August 26, 2020

Atakan Güngördü is a qualified attorney in Turkey, currently pursuing an Adv. LL.M. in European and International Human Rights Law at Leiden University. On 23 June 2020, European Court of Human Rights (the “Strasbourg Court” or the “Court”) delivered no less than four judgments against Russia (OOO Flavus and Others v. Russia, Bulgakov v. Russia, […]

  • Guest Blogger

Irony in Court: Marina v. Romania

August 17, 2020

By Dr Alberto Godioli* Introduction Due to its inherent link with elusiveness and ambiguity, humour makes it particularly difficult to draw a line between lawful and unlawful expression. The task of assessing the harm in a joke is notoriously complicated by strategies such as exaggeration, distortion or irony, which are typical of humorous expression in […]

  • Guest Blogger

Defamation proceedings against Romanian MEP over anti-corruption comments violated Article 10

August 11, 2020

By Ronan Ó Fathaigh and Dirk Voorhoof On 28 July 2020, the European Court of Human Rights held in Monica Macovei v. Romania that defamation proceedings against a sitting Member of the European Parliament violated the politician’s right to freedom of expression, under Article 10 of the European Convention on Human Rights. The Court reiterated […]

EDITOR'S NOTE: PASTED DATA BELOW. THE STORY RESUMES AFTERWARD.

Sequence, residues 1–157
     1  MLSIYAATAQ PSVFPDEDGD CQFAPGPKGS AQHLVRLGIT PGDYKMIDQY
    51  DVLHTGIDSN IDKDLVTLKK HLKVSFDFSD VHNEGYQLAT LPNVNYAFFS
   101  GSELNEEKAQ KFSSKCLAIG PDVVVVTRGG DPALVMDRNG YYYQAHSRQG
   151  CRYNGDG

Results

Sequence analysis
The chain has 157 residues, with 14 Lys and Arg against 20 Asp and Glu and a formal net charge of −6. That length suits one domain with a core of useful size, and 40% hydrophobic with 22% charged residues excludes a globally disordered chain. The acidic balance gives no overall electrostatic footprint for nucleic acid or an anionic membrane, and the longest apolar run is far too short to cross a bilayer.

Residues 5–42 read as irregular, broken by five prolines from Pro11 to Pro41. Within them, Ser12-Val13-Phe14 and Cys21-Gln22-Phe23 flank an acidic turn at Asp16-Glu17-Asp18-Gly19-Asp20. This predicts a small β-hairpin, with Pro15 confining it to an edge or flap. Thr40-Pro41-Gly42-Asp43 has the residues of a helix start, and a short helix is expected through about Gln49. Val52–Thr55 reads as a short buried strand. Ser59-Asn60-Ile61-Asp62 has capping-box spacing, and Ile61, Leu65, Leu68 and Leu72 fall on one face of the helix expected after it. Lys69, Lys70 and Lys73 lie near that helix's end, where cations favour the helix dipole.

• Guest Blogger

No Room for Homophobic Hate Speech Under the EHCR: Carl Jóhann Lilliendahl v. Iceland

June 26, 2020

By Giulio Fedele (University of Rome “La Sapienza”, giulio.fedele@uniroma1.it) Hate-speech against sexual minorities has become a pressing issue for the ECHR. Online media and social platforms boosted the possibilities one has to express both personal opinions and hateful comments, thus making it harder for the Strasbourg Court to draw the line of the protection afforded […]

  • Guest Blogger

The Recent ECtHR Judgment Kövesi v. Romania. Reactions of Romanian Authorities and Implications regarding the Rule of Law

June 16, 2020

By Dragoș Călin In the recent judgment in the case Kövesi v. Romania (application no. 3594/19) the European Court of Human Rights held, unanimously, that there had been a violation of Article 6 § 1 (right to a fair trial) and Article 10 (right to freedom of expression) of the European Convention on Human Rights […]